U.S. VP Harris offers Vietnam support to counter Beijing in the South China Sea

U.S. Vice President Kamala Harris met Vietnam’s top leaders on Wednesday, offering support in several key areas including the enhancement of its maritime security in an effort to counter Beijing’s increasing assertiveness in the South China Sea.

Harris also offered more visits by U.S. warships during her talks with Vietnam’s President Nguyen Xuan Phuc, Vice President Vo Thi Anh Xuan and Prime Minister Pham Minh Chinh, according to a White House official who did not wish to be named.

Harris’s seven-day trip to Singapore and Vietnam is part of a broader U.S. strategy to woo allies that Washington hopes will help it challenge China’s growing security and economic influence in the region.

During the talks Harris offered Vietnam vaccines and aid to tackle Covid-19 and announced the launch of several programs to help combat climate change, said the White House official.

Speaking in Hanoi, Harris said there was a need to increase pressure on Beijing over its maritime claims.

“We need to find ways to pressure, raise the pressure on Beijing to abide by the United Nations Convention on the Law of the Sea, and to challenge, its bullying and excessive maritime claims,” said Harris during a meeting with the Vietnamese president.

It was the second time in two days Harris has attacked Beijing.

On Tuesday in Singapore, Harris accused Beijing of coercion and intimidation to back unlawful claims in parts of the disputed the South China Sea. China rejected her comments, charging Washington with trying to drive a wedge between Beijing and its Southeast Asian neighbors.

China has established military outposts on artificial islands in the South China Sea, which is crossed by vital shipping lanes and contain gas fields and rich fishing grounds.

China, Vietnam, Brunei, Malaysia, the Philippines and Taiwan lay claim to parts of the waters.

Over the last few years, tensions between China and Vietnam in the South China Sea have remained high and Vietnam has quietly endorsed the U.S. Indo-Pacific strategy because it takes a hard line against China in the disputed waters.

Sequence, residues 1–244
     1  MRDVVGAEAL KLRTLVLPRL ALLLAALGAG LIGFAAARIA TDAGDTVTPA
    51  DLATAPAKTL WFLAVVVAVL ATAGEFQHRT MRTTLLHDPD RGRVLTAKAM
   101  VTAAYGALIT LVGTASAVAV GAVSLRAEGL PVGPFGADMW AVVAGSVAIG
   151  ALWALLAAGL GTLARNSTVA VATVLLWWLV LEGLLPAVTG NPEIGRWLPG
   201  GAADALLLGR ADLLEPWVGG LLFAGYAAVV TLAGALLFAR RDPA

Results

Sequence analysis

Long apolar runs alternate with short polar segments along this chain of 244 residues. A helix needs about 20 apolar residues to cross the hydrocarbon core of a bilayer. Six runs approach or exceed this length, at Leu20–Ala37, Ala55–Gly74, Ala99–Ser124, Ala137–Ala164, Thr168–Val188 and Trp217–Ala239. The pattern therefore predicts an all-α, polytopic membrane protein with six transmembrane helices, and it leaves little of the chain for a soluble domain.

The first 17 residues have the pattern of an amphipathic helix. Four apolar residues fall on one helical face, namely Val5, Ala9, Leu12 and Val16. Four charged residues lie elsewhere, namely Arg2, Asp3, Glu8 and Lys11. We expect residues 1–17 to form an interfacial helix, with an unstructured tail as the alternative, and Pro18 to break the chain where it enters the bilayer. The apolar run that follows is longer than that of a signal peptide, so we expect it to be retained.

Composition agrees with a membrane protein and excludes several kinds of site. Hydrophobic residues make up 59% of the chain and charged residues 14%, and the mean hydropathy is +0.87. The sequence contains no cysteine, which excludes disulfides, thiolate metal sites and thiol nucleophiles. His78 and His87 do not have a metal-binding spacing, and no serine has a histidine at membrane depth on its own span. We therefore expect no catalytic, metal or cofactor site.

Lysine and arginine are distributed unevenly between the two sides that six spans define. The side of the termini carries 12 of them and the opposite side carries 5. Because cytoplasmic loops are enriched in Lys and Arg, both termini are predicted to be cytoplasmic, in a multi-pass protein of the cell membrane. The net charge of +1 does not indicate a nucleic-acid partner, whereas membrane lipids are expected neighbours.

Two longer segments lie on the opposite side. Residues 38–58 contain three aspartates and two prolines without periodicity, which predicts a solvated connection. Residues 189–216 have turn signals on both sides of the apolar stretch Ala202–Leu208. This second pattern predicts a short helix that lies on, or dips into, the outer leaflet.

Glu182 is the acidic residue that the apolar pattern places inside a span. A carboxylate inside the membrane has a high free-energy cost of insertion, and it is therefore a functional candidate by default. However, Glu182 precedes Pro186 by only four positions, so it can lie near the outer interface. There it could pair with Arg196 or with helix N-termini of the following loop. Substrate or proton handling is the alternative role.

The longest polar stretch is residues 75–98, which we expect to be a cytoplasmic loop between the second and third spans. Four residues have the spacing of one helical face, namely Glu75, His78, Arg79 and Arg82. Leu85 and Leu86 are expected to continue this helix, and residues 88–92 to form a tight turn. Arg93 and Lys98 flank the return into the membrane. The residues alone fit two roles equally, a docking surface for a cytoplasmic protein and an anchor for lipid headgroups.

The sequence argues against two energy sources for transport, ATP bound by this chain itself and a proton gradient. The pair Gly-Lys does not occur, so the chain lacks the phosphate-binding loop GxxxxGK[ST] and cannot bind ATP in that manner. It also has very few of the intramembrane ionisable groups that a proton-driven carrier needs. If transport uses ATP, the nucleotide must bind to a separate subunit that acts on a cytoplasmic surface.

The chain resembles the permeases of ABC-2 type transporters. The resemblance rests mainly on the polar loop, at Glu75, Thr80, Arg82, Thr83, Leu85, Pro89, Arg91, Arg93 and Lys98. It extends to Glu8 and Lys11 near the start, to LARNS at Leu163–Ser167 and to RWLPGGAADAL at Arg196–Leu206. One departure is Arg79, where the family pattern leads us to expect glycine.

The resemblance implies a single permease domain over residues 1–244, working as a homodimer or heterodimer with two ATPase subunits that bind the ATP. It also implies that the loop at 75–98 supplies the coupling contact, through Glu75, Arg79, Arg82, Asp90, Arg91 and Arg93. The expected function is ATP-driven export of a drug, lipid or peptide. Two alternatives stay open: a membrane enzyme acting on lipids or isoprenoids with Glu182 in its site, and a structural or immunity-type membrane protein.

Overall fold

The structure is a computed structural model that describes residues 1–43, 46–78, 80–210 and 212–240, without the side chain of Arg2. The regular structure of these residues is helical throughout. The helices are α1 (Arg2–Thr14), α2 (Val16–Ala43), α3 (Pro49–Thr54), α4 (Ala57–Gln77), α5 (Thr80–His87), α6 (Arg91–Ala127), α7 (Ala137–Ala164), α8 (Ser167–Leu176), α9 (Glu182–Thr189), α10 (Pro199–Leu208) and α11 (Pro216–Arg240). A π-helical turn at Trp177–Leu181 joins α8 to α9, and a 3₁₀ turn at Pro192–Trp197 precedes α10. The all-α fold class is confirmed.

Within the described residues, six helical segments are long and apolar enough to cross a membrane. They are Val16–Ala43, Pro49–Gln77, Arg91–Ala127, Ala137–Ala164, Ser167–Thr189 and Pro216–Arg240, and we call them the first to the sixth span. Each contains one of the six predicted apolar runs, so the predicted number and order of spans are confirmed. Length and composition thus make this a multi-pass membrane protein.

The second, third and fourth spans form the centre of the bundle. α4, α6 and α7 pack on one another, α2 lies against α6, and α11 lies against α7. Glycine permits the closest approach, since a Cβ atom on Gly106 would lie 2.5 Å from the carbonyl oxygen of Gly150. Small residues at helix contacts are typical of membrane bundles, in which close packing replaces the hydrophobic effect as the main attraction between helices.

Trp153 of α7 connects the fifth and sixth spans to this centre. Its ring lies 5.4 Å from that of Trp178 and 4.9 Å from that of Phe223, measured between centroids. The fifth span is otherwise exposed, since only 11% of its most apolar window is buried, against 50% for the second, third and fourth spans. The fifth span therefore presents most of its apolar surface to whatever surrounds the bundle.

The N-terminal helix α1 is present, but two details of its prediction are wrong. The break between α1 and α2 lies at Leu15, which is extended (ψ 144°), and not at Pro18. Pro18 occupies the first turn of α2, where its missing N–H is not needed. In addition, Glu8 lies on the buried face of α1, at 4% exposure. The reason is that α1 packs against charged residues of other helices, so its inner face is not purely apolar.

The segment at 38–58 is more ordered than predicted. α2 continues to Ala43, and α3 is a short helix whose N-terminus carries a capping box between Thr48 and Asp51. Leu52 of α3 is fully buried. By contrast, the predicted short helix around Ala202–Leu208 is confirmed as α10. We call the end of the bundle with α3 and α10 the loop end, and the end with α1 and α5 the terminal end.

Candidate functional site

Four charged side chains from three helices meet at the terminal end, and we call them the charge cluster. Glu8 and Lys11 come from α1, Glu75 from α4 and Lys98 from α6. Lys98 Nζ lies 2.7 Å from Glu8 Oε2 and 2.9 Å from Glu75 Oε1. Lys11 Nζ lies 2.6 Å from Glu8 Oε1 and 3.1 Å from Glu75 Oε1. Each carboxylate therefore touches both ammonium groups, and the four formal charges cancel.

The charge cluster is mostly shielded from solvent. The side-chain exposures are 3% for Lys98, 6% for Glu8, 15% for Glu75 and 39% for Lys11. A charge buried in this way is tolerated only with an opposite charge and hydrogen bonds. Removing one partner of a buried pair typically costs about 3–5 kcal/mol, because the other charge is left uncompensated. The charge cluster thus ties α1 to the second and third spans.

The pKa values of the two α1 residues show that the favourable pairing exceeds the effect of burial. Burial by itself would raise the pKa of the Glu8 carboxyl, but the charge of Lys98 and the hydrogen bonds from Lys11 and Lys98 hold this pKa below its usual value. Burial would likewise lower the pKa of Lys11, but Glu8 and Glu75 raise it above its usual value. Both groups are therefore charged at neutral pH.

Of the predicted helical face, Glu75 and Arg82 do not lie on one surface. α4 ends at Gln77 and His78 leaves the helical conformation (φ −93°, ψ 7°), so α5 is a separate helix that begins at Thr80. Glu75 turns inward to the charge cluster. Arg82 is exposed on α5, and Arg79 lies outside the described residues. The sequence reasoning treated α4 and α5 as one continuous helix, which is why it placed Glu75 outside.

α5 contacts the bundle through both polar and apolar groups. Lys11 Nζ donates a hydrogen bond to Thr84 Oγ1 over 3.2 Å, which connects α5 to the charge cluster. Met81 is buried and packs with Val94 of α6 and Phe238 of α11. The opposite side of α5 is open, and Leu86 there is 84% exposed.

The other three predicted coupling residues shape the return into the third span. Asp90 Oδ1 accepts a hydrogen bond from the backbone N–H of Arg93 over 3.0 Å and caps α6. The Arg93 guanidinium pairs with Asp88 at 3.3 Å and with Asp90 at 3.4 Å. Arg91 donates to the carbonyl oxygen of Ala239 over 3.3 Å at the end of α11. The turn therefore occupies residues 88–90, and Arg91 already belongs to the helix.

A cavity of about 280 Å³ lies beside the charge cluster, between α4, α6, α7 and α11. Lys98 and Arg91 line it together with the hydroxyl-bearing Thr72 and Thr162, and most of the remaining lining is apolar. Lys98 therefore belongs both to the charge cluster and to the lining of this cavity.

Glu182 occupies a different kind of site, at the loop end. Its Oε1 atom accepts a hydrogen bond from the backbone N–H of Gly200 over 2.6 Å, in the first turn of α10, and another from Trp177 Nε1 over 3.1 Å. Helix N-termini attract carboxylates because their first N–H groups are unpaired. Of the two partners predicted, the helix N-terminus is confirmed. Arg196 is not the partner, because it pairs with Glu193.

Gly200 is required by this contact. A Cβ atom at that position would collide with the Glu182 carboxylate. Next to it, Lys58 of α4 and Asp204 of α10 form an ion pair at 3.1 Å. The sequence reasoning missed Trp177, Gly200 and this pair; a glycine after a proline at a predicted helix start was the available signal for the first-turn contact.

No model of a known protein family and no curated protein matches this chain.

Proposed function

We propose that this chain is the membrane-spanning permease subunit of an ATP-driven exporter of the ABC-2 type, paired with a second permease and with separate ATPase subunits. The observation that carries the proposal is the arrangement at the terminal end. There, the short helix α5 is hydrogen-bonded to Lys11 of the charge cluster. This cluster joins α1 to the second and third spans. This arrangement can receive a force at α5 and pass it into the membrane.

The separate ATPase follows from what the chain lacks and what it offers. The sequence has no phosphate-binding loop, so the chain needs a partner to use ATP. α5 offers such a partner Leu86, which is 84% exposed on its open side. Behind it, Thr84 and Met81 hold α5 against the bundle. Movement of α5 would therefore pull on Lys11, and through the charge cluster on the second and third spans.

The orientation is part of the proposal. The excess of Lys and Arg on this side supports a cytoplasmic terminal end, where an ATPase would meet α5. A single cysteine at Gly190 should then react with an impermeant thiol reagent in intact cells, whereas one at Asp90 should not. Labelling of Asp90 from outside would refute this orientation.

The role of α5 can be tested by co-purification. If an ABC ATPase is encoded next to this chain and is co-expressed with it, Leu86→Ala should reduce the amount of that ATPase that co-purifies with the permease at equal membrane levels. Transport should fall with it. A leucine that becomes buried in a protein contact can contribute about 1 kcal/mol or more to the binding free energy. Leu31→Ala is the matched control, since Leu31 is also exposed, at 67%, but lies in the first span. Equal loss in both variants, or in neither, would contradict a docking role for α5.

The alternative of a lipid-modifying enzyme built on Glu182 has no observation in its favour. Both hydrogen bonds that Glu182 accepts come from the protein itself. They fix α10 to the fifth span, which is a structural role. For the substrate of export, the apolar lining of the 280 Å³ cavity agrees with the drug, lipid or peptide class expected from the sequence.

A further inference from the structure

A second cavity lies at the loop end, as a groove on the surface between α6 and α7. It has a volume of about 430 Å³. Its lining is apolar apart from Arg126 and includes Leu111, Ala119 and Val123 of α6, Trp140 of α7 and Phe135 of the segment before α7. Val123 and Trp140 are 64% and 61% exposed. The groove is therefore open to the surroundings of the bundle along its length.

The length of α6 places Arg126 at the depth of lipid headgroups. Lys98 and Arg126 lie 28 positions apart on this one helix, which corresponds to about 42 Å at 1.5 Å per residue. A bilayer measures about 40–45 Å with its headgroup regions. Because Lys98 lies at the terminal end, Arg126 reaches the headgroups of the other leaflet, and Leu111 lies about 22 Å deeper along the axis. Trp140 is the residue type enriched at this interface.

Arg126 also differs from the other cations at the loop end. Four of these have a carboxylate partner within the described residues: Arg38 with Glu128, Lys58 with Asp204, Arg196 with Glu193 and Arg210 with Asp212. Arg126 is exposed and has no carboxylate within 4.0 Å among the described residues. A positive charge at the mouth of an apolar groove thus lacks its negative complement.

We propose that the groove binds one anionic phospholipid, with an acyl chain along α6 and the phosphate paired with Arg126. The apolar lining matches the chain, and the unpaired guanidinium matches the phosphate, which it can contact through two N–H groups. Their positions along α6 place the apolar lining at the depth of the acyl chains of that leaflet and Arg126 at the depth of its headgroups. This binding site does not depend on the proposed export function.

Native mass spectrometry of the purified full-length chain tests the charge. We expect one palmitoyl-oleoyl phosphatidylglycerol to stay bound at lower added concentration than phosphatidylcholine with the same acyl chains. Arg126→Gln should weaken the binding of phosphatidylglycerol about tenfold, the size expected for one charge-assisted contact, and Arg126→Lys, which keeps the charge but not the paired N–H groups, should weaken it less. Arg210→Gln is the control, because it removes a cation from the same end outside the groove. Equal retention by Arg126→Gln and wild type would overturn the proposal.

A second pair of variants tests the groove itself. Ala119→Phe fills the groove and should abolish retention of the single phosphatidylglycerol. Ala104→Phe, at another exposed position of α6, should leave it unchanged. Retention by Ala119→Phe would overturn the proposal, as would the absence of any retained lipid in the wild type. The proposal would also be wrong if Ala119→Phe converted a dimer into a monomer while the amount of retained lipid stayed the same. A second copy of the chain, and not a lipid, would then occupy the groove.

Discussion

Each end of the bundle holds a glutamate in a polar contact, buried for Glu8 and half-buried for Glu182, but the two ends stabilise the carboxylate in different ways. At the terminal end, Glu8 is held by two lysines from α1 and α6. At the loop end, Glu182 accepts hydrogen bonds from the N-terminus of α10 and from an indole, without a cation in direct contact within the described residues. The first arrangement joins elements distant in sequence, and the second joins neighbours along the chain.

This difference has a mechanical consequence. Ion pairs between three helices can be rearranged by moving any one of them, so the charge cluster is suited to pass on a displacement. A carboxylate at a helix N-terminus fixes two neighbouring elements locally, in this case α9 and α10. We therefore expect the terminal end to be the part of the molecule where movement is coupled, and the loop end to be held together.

However, with U.S.-China competition throughout the Indo-Pacific dramatically heating up, the Southeast Asian nation has attempted to strike a delicate balancing act.

Harris’ arrival in Hanoi was delayed on Tuesday after the U.S. Embassy in Vietnam said it had detected an “anomalous health incident”, potentially related to the mysterious Havana Syndrome.

During the delay, Vietnam’s Prime Minister Pham Minh Chinh and China’s ambassador to Vietnam held a previously unannounced meeting, during which Chinh said Vietnam does not take sides in foreign policy. The Chinese ambassador told Chinh Beijing would donate 2 million doses of a Covid-19 vaccine to Vietnam.

Senior White House officials have said Harris will strike a balance during her meetings in the region by offering to counter China’s influence while not forcing the nations to take sides between the two powers.

The U.S. vice president announced support for Vietnam’s response to Covid-19 with the donation of an additional one million doses of Pfizer vaccines, bringing the total donation to the country to 6 million doses, and an additional $23 million to support its efforts to fight the pandemic.

After successfully containing the pandemic for much of last year, Vietnam has since April been dealing with a large outbreak of the Delta variant of the virus in Ho Chi Minh City. Vietnam has one of the lowest vaccination rates in Asia, with just under 2% of its 98 million people fully-vaccinated against Covid-19.

The vice president’s offer to support Vietnam’s increased maritime security included visits by U.S. ships and aircraft carriers, the White House official said.

Also contingent on approval from the U.S. Congress, she offered the deployment of a third U.S. Coast Guard high-endurance cutter – a fleet of 24 patrol boats, base facilities, piers, law enforcement training, and other joint activities that helps Vietnam bolster its maritime security, the official said.

The U.S. also launched a five-year, $36 million USAID project which aims to accelerate Vietnam’s transition to clean energy and announced lower tariffs on U.S. exports of corn, wheat, and pork products to Vietnam to reduce the trade deficit with the country.

Harris is also expected to sign a lease for a new U.S. Embassy compound in Hanoi in an effort to expand the relationship between the two countries, the official said.

— Reuters

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